Well, now that I’ve actually read real reviews of my own work and listened to enough Q&As, I just can’t be as nasty as I once was. I make a conscious effort to pepper this “constructive criticism” with niceties. However, I haven’t yet figured out how to write it that way. Instead, I sit down like this morning and let the nastiness “constructive criticism” pour out of me and actually put inserts in the review text of [something nice here] so that I don’t lose my train of thought. That way, when it comes time to re-read the review and make sure it’s constructive before sending it out, I’m sure to slip a little niceness in there.

I’m working on this with questions, too. I envy those who have perfected the sandwich technique [strength] [criticism] [nicety]. I think I’ll start practicing it with my kid to get the hang of it. “I really like your coloring there. Your violet oak tree shows a creative use of the color purple. If I could just make one comment: Maybe you should work on staying between the lines. You might also reconsider the use of crayons. Markers may be a more effective tool in this case. This is quite interesting, though. Thank you for sharing it with me.”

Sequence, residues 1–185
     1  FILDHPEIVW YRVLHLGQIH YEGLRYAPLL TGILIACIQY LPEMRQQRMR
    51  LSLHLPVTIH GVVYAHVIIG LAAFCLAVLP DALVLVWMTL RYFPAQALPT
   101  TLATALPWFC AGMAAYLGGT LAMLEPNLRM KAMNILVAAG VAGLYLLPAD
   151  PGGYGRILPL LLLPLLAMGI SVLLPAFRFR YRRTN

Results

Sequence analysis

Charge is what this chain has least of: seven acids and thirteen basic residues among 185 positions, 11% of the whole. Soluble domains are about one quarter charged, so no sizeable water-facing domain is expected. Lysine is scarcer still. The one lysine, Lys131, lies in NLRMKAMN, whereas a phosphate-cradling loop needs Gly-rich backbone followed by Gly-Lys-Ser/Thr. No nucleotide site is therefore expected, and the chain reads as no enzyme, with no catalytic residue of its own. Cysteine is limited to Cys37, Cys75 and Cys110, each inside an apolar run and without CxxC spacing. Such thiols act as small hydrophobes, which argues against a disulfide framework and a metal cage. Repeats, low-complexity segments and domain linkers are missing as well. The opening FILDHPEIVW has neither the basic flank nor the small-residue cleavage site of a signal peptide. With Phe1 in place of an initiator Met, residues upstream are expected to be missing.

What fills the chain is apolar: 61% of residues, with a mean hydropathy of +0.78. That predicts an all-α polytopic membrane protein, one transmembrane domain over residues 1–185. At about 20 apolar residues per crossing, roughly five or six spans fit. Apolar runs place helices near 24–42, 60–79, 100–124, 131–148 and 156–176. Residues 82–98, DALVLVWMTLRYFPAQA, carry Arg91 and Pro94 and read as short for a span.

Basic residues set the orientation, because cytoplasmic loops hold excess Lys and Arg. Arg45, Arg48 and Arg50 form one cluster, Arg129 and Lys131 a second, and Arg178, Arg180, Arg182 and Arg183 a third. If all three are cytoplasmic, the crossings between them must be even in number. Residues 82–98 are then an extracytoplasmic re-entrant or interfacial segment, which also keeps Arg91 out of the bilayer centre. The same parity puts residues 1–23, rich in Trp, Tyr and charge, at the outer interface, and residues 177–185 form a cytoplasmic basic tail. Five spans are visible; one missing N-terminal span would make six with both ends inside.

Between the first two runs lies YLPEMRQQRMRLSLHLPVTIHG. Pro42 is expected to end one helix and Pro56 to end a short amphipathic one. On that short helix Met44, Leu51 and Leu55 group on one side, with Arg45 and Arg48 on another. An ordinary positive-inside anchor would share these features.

“The name is the thing. It’s like trying to come up with a name for a band. I want it to suggest quirkiness without being precious.”
“Quirky – precious = us!”
“Nix on Pub Sociology II: Electric Boogaloo. Nix on Quirkass Sociology.”
“I think some of my students weren’t yet born in the days of Kickass Sociology.”
“I can’t even contemplate the birthyears of my students.”
“Can we nix sociology in the name altogether?”
“That would be my strong preference.”
“Also, no ‘blog’ or ‘weblog’ in the name this time.”
“I agree. I didn’t know you could call your weblog anything other than [name] weblog back when I started mine.”
“Old skool. People needed to know what they were reading back then. Now, it’s like when a women’s hockey team wants their name to play off the fact they are women: Chicks with Sticks!”
“Exactly! We are not Chicks with Sticks.”
“Except, Chicks with Sticks wouldn’t actually be a bad name.”
“I guess it’s not really right for us.”
“Not quite a fit.”
“If we were starting a band, I’d be totally into Chicks with Sticks. I could wear drag and stomp around stage menacing the audience with a cricket bat.”